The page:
History Jokes:


Funny anecdotes and short stories are a great source of examples in public speeches. This website contains short funny stories, clean jokes and humorous legends of kings and queens, politicians, famous literary figures and artists from many books and sources. The styles of writers from different time periods was preserved - they often enhance the stories in an amusing way. Enjoy and have fun!

C. S. Lewis-- a First Class Author 
Lewis, returning home from a walking tour, had just boarded the first class compartment of his train. An old lady, startled at seeing Lewis' unkempt appearance asked him, "Have you a first-class ticket?" "Yes, madam," he replied, "but I'm afraid I'll be needing it for myself."
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Benjamin Franklin takes a King 
While in France, Benjamin Franklin often played chess with an elderly duchess. Once, after he put her king in check and taking it, she reprimanded him by saying, "We do not take kings so". "We do in America", Franklin responded matter-of-factly.
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Conan Doyle's practical joke 


Sir Arthur Conan Doyle, the creator of Sherlock Holmes, enjoyed practical jokes. He is said to have once sent a telegram to twelve of his friends, all people of great significance and power. The telegram said: 'Flee at once, the secret is discovered'. Within 24 hours all twelve had left the country.
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Jonathan Swift and Thomas Sheridan at a Beggar's Wedding 
Dean Swift being in the country, on a visit to Dr. Sheridan, they were informed that a beggar's wedding was about to be celebrated. Sheridan played well upon the violin; Swift therefore proposed that he should go to the place where the ceremony was to be performed, disguised as a blind fiddler, while he attended him as his man. Thus accoutred they set out, and were received by the jovial crew with great acclamation. They had plenty of good cheer, and never was a more joyous wedding seen. All was mirth and frolic; the beggars told stories, played tricks, cracked jokes, sung and danced, in a manner which afforded high amusement to the fiddler and his man, who were well rewarded when they departed, which was not till late in the evening. The next day the Dean and Sheridan walked out in their usual dress, and found many of their late companions, hopping about upon crutches, or pretending to be blind, pouring forth melanPg 11choly complaints and supplications for charity. Sheridan distributed among them the money he had received; but the Dean, who hated all mendicants, fell into a violent passion, telling them of his adventure of the preceding day, and threatening to send every one of them to prison. This had such an effect, that the blind opened their eyes, and the lame threw away their crutches, running away as fast as their legs could carry them.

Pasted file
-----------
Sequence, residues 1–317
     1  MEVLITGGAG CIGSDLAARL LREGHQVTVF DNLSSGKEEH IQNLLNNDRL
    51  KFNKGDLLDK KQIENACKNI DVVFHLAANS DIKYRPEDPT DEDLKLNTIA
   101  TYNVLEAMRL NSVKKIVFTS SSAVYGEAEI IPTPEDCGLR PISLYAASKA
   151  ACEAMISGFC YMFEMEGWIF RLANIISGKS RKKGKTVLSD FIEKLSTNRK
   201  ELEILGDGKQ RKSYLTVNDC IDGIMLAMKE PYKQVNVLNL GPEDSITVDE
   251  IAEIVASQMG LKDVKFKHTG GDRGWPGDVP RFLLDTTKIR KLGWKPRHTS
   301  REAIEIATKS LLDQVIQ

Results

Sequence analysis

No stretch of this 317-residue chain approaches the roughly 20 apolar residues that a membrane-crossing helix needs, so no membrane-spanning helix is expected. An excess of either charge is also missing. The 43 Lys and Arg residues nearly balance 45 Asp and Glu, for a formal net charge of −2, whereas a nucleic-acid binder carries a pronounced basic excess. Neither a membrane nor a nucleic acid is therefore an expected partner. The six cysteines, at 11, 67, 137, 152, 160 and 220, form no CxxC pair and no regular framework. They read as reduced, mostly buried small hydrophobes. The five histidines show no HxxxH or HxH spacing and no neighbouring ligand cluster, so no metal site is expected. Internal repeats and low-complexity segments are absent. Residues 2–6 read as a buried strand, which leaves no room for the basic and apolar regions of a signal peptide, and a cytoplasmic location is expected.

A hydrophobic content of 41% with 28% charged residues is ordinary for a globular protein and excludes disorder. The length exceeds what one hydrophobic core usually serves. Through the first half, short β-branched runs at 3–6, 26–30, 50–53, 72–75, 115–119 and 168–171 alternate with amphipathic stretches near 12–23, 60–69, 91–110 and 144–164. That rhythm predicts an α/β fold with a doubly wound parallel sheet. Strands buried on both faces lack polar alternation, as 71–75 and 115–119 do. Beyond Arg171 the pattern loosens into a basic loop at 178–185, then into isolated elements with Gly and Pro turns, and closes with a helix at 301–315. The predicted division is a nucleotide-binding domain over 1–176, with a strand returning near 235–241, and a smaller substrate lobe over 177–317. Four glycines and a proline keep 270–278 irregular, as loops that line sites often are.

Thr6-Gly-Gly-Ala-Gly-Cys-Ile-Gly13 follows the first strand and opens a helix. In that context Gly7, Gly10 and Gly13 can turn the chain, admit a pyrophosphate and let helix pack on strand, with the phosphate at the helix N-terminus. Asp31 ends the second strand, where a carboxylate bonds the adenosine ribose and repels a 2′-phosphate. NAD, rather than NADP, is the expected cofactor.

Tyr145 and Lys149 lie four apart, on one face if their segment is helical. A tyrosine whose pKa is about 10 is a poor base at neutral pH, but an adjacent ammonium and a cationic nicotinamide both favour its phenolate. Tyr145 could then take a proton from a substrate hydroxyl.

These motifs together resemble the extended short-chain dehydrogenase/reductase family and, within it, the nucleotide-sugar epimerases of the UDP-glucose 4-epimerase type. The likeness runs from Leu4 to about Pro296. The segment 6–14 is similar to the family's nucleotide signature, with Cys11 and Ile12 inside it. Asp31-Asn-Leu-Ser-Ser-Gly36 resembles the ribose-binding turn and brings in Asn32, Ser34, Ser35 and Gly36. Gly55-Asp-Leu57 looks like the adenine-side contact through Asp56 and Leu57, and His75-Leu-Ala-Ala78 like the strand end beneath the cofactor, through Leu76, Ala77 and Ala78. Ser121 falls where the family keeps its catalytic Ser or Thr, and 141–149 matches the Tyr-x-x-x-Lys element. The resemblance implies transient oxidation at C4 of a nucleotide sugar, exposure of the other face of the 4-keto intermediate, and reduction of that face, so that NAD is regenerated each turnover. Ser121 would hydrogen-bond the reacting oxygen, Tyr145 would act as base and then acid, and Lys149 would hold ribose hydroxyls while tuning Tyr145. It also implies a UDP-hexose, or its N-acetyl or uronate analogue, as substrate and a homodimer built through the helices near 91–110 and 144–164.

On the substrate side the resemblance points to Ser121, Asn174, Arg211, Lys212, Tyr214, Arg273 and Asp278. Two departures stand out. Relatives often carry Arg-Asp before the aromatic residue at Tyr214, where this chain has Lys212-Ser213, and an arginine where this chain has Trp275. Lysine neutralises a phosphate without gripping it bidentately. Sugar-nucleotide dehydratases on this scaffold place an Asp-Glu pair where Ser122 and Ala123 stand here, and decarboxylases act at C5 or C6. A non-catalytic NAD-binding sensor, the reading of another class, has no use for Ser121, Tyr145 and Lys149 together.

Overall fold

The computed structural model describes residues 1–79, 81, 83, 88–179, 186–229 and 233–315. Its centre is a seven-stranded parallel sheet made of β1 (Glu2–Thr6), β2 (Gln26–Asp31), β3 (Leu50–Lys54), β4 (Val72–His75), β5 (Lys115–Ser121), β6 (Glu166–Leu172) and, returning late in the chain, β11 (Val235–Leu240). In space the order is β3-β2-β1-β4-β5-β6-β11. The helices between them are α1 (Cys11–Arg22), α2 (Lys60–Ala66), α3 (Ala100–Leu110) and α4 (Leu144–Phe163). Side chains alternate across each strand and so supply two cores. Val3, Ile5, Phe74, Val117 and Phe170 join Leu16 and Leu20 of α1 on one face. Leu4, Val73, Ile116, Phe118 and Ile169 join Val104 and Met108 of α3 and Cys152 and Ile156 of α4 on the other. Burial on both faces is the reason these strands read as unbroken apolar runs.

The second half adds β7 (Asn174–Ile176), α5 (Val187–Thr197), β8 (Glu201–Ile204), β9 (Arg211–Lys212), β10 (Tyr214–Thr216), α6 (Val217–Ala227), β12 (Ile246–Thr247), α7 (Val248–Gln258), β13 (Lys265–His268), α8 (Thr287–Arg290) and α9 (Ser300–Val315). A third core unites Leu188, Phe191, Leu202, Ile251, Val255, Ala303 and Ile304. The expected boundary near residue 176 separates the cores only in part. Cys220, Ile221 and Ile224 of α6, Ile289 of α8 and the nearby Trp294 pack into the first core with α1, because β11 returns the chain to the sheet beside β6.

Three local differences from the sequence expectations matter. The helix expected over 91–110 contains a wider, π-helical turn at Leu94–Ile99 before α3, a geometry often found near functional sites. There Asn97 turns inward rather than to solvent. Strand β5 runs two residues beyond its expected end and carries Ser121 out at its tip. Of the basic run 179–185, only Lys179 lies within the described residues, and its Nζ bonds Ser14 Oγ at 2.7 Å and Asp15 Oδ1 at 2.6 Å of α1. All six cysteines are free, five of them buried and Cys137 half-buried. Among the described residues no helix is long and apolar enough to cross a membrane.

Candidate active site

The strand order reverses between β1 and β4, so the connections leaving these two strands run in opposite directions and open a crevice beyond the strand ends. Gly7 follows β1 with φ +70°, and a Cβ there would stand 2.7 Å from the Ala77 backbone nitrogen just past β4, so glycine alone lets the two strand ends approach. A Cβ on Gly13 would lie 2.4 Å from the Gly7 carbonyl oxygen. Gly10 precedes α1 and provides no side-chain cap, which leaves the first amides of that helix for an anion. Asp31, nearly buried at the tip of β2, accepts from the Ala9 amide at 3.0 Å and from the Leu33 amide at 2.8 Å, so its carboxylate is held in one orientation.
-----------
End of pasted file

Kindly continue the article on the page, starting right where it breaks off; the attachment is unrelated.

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Sergeant and a philosopher 
Sunday, April 13, 2008, 12:23 PM - Anecdotes and jokes about writers, philosophers and scientists
Posted by Court Jester
Dr. Gregory, professor of the practice of physic at Edinburgh, was one of the first to enroll himself in the Royal Edinburgh Volunteers, when that corps was raised. So anxious was he to make himself master of military tactics, that he not only paid the most punctual attendance on all the regimental field-days, but studied at home for several hours a day, under the sergeant-major of the regiment. On one of these occasions the sergeant, out of all temper at the awkwardness of his learned pupil, exclaimed in a rage, "Why, sir, I would rather teach ten fools than one philosopher."
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